Education

Women’s Voices Signs on to Statewide Right to Read Coalition

September 12, 2023

Women’s Voices has joined the statewide “Right to Read” coalition, which supports Missouri’s libraries to remain an open, accessible resource for books and other materials available free of charge to the public. The coalition opposes attempts to restrict access to public libraries, including those at public schools.

The coalition has the utmost confidence in trained, experienced librarians and educators to evaluate and select materials available to the public. Membership in the Right to Read Coalition is open to organizations and individuals who support the coalition’s purpose. You are invited to join the coalition by completing the form here.

The coalition is in its early development and is guided by the following Steering Committee member organizations:
International Literacy Association, Special Interest Group, Children’s Literature & Reading, Jewish Community Relations Council of St. Louis, Missouri Equity Education Partnership, Missouri Literacy Association, National Council of Jewish Women St. Louis, Saint Louis University School of Education, Turn the Page KC, and U-Turn in Education

New Rule to Title IX – Narrowing Definition of Sexual Harassment

May 2020

The Department of Education changes to Title IX narrowing the definition of sexual harassment take effect August 14, 2020. Women’s Voices opposed the changes for the reasons cited in this graphic:

 

The American Association of University Women has launched a campaign to ensure that there are resources in the right hands to help students and survivors. One part of the campaign is to support the Gender Equity in Education Act. You can urge your congressperson to support it here.

 

Department of Education Recommends ​Ending Discipline Policies that Protect Children of Color

December 18, 2019-Forbes Magazine

A federal commission headed by Secretary of Education Betsy DeVos released a long-awaited school safety report today that recommends, among other things, that the Department of Education abandon Obama-era policies aimed at protecting children of color from excessive discipline in school. The 177-page report says that disciplinary decisions should be left to classroom teachers and local administrators who should not have to follow guidance issued by the federal government….

…Research shows that when students are suspended, expelled or arrested, they are more likely to drop out of school and suffer negative consequences. Critics of discriminatory discipline, including the ACLU, have called it the “school to prison pipeline.”…

…A survey of superintendents found that only 16% had modified their disciplinary practices because of the Obama policy, but of those that made the change, 44% said it resulted in a positive experience and 4.5% said the experience was negative.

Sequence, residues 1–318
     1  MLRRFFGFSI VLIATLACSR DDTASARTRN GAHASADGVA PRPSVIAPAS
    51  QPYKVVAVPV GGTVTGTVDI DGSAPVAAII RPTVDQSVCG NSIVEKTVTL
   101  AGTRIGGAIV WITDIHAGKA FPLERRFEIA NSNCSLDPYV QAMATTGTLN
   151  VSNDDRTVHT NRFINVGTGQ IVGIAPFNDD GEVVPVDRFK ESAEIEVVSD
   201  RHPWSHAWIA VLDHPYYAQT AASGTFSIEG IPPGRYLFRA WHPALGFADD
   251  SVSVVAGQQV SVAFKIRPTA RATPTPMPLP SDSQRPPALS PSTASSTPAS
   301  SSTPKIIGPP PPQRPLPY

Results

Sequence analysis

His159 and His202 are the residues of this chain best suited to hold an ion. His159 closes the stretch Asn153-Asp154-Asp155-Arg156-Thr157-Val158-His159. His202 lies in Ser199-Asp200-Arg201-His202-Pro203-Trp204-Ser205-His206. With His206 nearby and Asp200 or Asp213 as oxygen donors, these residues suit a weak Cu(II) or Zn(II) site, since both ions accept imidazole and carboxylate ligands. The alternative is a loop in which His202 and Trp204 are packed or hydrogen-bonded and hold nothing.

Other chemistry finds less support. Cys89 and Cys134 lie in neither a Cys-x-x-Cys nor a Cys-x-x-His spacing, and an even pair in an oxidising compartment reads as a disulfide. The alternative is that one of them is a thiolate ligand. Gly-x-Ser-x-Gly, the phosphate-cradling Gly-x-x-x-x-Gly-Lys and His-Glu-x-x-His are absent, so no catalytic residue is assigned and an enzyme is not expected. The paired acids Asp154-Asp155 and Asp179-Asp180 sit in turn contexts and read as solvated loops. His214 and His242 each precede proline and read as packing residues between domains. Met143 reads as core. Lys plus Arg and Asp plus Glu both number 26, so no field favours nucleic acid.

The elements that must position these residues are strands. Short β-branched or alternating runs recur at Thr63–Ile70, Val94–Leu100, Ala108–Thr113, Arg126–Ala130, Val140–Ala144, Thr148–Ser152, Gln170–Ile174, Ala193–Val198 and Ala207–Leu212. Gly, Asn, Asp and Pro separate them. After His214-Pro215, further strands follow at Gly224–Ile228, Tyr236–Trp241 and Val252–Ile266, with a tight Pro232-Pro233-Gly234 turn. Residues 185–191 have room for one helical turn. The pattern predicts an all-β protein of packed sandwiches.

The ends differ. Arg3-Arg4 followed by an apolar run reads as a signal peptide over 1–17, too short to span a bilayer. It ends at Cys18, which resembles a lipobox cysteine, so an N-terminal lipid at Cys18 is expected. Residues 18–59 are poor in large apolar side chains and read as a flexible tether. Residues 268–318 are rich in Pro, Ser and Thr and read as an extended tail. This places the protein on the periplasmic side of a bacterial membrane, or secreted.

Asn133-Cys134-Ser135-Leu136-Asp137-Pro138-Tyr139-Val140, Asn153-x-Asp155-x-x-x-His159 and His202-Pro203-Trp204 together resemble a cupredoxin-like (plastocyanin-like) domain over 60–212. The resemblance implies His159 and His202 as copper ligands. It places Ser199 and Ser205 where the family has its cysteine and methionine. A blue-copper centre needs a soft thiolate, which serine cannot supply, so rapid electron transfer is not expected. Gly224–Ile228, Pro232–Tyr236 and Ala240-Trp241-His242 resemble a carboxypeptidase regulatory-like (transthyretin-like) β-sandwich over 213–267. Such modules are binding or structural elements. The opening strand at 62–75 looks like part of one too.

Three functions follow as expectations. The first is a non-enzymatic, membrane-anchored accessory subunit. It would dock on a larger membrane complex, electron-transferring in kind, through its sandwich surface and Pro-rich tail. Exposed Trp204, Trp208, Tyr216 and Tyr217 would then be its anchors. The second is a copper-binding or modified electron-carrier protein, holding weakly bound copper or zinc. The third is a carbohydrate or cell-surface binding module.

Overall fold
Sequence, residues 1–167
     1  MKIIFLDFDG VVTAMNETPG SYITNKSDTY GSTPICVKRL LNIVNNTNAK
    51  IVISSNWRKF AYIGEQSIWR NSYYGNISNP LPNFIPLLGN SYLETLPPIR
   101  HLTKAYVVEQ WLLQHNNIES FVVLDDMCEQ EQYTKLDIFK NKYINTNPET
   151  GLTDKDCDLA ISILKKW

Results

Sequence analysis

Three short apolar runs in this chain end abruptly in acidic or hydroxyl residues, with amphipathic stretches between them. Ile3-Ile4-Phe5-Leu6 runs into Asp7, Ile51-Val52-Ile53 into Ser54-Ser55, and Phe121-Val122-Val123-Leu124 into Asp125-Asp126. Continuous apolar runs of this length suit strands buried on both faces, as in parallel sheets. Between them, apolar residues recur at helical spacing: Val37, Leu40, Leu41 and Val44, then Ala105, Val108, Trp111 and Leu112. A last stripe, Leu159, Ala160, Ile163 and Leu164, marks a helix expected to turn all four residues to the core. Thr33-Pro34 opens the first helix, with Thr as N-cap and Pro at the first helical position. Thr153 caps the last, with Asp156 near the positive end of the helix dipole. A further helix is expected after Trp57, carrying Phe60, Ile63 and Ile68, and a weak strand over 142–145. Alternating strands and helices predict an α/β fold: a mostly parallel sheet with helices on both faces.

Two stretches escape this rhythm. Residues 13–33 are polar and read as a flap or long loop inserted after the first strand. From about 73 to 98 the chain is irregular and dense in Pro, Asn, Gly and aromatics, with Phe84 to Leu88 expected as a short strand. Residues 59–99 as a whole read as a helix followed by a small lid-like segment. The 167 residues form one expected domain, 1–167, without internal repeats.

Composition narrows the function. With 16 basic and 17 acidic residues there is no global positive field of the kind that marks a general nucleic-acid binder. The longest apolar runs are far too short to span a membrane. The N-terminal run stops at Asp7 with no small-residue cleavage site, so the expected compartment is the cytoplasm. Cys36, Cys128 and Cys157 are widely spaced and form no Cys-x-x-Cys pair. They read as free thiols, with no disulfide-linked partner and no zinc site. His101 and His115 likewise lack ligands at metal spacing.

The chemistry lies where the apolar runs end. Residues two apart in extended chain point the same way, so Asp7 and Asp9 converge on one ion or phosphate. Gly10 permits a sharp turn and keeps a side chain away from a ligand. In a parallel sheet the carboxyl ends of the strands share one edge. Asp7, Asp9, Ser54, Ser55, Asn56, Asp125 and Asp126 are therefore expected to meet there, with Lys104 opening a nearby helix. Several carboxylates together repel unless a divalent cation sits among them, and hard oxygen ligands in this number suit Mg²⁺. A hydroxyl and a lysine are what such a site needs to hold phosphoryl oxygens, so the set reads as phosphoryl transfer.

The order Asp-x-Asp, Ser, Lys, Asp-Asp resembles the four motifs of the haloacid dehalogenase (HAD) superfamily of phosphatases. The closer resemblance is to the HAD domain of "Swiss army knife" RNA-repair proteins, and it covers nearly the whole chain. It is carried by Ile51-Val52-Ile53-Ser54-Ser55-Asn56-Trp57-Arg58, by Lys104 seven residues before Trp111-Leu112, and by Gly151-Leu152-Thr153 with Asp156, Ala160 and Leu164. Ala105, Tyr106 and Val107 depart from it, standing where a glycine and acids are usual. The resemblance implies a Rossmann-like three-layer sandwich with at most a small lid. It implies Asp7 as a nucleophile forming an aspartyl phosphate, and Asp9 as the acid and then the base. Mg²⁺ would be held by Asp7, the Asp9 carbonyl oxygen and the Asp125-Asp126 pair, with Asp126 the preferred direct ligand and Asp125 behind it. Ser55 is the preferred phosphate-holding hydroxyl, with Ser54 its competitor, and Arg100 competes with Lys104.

Two former Obama administration education secretaries, Arne Duncan and John King, criticized the commission’s report in a statement. “Today’s recommendation to roll back guidance that would protect students from unfair, systemic school discipline is beyond disheartening,” they wrote.

Read the full article here

Note: A report released in October, 2017 found that black students in Missouri were 4 times as likely to be suspended as white students. The report detailed the ways in which black students and students with disabilities are disproportionately suspended, arrested and otherwise disciplined in Missouri schools. See here

Suspensions Are Down In U.S. Schools But Large Racial Gaps Remain

December 17, 2018  – NPR

Students in U.S. schools were less likely to be suspended in 2016 than they were in 2012. But the progress is incremental, and large gaps — by race and by special education status — remain.

The Child Trends analysis highlights findings that when a student disrupts class, a school can disrupt that student’s education — and his or her entire life. Research suggests suspension and expulsion, arrests and referrals to law enforcement, is associated with dropping out of schooland going to jail. All of these consequences happen more frequently to black students, even in preschool.

Black high school students are still twice as likely (12.8 percent) to be suspended as white (6.1 percent) or Hispanic (6.3 percent) high school students.

Read full article here.

 

Who Was Linda Brown? What has Changed in Last 64 Years?

March 30, 2018-The New York Times Race & Civil Rights Reporter discusses what has and hasn’t changed since the Brown v. Board of Education case. Listen here

Good News! A Child Care Rating System for Missouri

May 12, 2016

The Missouri legislature gave final approval to a bill that would create a rating system to evaluate and improve child care quality.

It’s a move proponents say will pave the way for the state to compete for millions of dollars of federal grants for early childhood education, while giving parents a set of point-scale ratings on how well day cares are performing. Read more here

St. Louis Apprenticeship in Child Care First in Nation

Advocates in the child-care community have long lamented the dearth of qualified child-care providers, particularly in poorer communities. A new apprenticeship program is working to address this. Click here.